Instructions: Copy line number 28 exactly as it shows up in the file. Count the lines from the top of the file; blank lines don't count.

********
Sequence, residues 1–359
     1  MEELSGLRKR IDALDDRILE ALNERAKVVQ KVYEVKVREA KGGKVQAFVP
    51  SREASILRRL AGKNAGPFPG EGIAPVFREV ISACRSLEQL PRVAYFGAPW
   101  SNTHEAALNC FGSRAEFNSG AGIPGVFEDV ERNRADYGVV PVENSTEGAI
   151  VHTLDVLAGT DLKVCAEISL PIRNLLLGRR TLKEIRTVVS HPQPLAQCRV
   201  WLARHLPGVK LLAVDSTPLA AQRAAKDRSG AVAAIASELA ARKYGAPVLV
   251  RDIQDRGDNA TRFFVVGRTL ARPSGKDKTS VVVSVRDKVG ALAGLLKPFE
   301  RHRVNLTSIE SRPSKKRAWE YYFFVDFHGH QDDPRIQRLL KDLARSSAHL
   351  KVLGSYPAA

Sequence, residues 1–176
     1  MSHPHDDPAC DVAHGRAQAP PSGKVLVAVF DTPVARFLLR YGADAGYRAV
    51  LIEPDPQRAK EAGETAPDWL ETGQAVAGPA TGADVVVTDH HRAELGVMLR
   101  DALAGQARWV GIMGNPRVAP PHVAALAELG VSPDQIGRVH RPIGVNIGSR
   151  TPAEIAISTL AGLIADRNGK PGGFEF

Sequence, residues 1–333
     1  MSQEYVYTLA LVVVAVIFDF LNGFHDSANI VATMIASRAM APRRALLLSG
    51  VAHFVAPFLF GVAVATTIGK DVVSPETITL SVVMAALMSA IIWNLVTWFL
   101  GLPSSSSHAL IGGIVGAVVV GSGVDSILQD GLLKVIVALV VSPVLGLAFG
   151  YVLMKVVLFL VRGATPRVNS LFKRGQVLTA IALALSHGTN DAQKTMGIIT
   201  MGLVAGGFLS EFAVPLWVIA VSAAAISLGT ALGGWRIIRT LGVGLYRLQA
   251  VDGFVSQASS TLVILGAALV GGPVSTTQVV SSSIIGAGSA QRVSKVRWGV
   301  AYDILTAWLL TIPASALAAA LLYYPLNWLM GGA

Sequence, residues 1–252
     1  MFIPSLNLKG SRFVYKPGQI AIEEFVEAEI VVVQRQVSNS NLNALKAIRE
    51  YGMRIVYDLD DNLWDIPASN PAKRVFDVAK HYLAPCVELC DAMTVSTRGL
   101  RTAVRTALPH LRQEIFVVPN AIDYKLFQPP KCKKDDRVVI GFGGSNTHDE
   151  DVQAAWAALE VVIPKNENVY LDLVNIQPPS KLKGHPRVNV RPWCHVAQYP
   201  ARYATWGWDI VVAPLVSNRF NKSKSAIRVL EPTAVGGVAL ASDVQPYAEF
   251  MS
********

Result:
   201  ARYATWGWDI VVAPLVSNRF NKSKSAIRVL EPTAVGGVAL ASDVQPYAEF